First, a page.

German investor confidence tumbled to its lowest level since 2012 as U.S. trade tariffs and Italy’s political turmoil added to concerns that the economy is weakening. The ZEW Center for European Economic Research in Mannheim said on Tuesday that its index of investor expectations fell to minus 16.1 in June from minus 8.2 in May, marking the fourth monthly decline this year. Economists in a Bloomberg survey predicted a drop to minus 14. The negative reading means that more of those investors surveyed saw a worsening of the outlook than forecast an improvement. German investor confidence tumbled to its lowest level since 2012 as U.S. trade tariffs and Italy’s political turmoil added to concerns that the economy is weakening. The ZEW Center for European Economic Research in Mannheim said on Tuesday that its index of investor expectations fell to minus 16.1 in June from minus 8.2 in May, marking the fourth monthly decline this year. Economists in a Bloomberg survey predicted a drop to minus 14. The negative reading means that more of those investors surveyed saw a worsening of the outlook than forecast an improvement. The downbeat assessment comes after Italy, Germany’s fifth largest trading partner, triggered doubts over its commitment to euro-area membership when its new populist government promised to implement spending plans that would break European Union rules. Italian bonds and stocks recovered on Monday after Finance Minister Giovanni Tria made assurances that Italy had no plans to leave the single currency. The turmoil added to mounting concerns over global trade after the U.S. imposed import tariffs on European steel and aluminum. While economists have downplayed how damaging the measures will be for the region’s expansion, Germany’s export-driven economy already appears to be coming off its peak, a trend which could worsen if further risks materialize. “The recent escalation in the trade dispute with the U.S. as well as fears over the new Italian government pursuing a policy which potentially destabilizes the financial markets have left their mark on the economic outlook for Germany,” ZEW President Achim Wambach said in a statement.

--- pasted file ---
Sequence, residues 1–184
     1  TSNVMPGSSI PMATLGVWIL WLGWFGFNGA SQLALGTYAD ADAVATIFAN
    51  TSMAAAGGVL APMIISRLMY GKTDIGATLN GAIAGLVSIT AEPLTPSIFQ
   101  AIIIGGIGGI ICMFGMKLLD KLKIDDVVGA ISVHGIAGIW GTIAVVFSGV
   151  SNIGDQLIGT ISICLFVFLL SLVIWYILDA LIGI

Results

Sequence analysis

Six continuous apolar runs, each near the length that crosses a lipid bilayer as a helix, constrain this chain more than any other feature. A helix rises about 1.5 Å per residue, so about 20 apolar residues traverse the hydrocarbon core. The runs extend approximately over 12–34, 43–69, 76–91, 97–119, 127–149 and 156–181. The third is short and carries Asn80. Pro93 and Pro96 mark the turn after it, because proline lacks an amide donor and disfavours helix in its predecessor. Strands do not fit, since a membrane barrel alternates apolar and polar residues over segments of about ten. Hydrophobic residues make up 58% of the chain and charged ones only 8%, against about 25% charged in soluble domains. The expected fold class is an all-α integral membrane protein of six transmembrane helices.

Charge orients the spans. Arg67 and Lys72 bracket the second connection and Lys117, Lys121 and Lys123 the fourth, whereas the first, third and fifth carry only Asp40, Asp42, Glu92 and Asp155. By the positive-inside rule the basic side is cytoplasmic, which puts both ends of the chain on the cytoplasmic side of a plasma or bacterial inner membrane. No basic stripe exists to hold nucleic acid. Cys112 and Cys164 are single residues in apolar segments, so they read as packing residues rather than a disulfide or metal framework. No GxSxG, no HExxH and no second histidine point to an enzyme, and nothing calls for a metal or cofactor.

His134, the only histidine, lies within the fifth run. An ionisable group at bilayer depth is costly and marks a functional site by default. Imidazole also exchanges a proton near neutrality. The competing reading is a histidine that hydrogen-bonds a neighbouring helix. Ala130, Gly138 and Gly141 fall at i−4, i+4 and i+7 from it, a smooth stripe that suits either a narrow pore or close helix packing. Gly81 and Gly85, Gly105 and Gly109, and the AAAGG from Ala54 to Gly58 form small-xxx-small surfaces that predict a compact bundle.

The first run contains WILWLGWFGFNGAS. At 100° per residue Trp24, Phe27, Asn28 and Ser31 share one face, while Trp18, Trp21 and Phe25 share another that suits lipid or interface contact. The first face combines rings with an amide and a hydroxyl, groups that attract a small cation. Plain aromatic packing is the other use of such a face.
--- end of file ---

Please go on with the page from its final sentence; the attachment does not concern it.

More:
World’s Fastest Growth Yet to Make a Mark on India’s Job Market
Hiring in India’s formal job market remained stagnant even as growth accelerated at the fastest pace among the world’s biggest economies. A survey of 5,110 employers conducted by Manpower Group found 16 percent planned to increase their workforce in the quarter ending September. It includes companies in the formal sector, who employ 10 or more workers. Data on India’s informal labor market, which employs the majority of its workers, is limited. “Major trends that will drive recruitment in 2018 in India are diversity, automated recruitment, virtual reality, remote working options,” AG Rao, group managing director of Manpower Group India said in a statement Tuesday. The service sector and wholesale and retail trade are expected to have the strongest outlook, with 20 percent of respondents saying they planned to hire in the September quarter. Prime Minister Narendra Modi’s government is counting on high levels of economic growth to deliver jobs before the country heads for elections in 2019. Gross domestic product growth has accelerated in each of the last four quarters, hitting 7.7 percent for the quarter ending March. Before sweeping to power in 2014, Modi appealed to young job-seekers with a promise to create 10 million jobs. Four years later it remains unclear how many positions have been created. More than 12 million Indians enter the workforce every year, government data show. Though the rate of hiring isn’t increasing dramatically, neither are large numbers of jobs being lost, data indicates.